Those were days of bootleg whisky
By Dr. Robert Wallace ’Tween 12 and 20 August 2, 2013 1:32PM
Updated: September 5, 2013 6:29AM
Dr. Wallace: Several years ago, a senior citizen wrote to you saying that today’s teens are not so bad and that when she was young, teens were doing a lot of things that were frowned upon by the adults at that time.
I am going to give a speech for a parent group, and I would like to mention some of her comments to my adult audience. Would you please print that column again? I’m sure those who missed the lady’s letter will also enjoy it. Thanks much.
Sandy: Your wish is my command. Here is the letter — good luck with your speech!
Dr. Wallace: I’m a senior citizen (I’m not saying how senior), and I just want to say that even though I hear a lot of negative things about today’s teens, I have total faith in their future leadership. I’m aware that many adults think today’s teens are out of control, but so did the adults when I was a teenager in Columbus, Ohio.
Those were the days of bootleg whisky, and the boys often brought a bottle to school, and their friends, including me, would take a nip or two.
I often hear that the teen fashions today are outrageous. Well, back then the girls were bobbing their hair, wearing heavy rouge, not only on their cheeks, but also on their chins and eyelids. Girls wore hobble skirts, and their belts were worn around their hips, not their waists. The “in shoes” were black satin pumps. And, believe it or not, teen talk included “free love” and smoking marijuana.
So you see, teens don’t change, only the times do. Whenever I hear adults talking about the out-of-control teens of today, I just smile and remember those good old teen years many years ago.
Charleston, W. Va.
Dr. Wallace: I have a very unusual problem. I’m 19 and had been dating Phil for over a year and we were a great couple. Phil joined the Army and was sent overseas after basic training. Before he left, we both agreed that it would be better if we both dated others if we had the chance.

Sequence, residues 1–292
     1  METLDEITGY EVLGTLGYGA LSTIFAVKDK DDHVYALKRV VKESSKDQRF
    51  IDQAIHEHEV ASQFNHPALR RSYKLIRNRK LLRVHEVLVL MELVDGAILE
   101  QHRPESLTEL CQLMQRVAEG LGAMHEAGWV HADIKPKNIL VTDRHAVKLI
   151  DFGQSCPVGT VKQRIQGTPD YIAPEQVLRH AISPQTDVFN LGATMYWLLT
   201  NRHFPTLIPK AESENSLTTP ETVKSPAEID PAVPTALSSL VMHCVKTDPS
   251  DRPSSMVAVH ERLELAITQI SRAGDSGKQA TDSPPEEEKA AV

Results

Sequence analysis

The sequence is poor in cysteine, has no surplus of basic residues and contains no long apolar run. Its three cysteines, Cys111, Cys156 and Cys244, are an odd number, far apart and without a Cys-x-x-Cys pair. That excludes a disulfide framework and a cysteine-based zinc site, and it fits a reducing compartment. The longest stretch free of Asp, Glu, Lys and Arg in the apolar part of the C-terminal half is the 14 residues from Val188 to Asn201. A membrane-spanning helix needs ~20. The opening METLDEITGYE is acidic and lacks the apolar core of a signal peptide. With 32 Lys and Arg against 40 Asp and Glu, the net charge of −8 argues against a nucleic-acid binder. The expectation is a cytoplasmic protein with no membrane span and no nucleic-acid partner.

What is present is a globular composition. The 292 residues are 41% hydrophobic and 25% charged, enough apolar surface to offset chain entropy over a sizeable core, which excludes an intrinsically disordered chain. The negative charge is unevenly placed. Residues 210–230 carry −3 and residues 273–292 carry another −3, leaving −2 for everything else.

Two months after Phil was sent overseas, I met Ken at my cousin’s wedding and we started dating. I have discovered that I care a lot about Ken. He’s a college graduate and works for an insurance company. We have developed a wonderful relationship even though Phil is still on my mind.
Last week I received a letter from Phil saying he had injured his knee and the doctors felt it best that he receive a medical discharge. He also said he would be returning home in six weeks. This came as a big shock to me. I know Phil thinks we’ll pick up our relationship where we left it off — at a point where we had strong feelings for each other.
Now another guy has entered the picture. I told Ken about my relationship with Phil and that he would be coming home to stay in six weeks. Ken said he understood and would gladly bow out, but I’m not so sure that’s what I want. Your advice will be appreciated.
Teri, San Francisco, Calif.
Teri: Wait until Phil returns before you make a decision. Give him a warm welcome and spend some time with him. It won’t take you very long to know whether the magic is still there, and who the lucky guy turns out to be. Make sure Ken understands what you plan to do.
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